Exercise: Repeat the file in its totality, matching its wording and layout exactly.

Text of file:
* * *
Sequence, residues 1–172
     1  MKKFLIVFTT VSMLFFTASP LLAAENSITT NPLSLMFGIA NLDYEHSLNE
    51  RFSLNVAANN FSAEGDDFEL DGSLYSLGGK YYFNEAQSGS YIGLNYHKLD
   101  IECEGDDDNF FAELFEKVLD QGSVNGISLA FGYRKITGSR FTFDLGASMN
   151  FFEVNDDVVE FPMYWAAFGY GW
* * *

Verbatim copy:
Sequence, residues 1–172
     1  MKKFLIVFTT VSMLFFTASP LLAAENSITT NPLSLMFGIA NLDYEHSLNE
    51  RFSLNVAANN FSAEGDDFEL DGSLYSLGGK YYFNEAQSGS YIGLNYHKLD
   101  IECEGDDDNF FAELFEKVLD QGSVNGISLA FGYRKITGSR FTFDLGASMN
   151  FFEVNDDVVE FPMYWAAFGY GW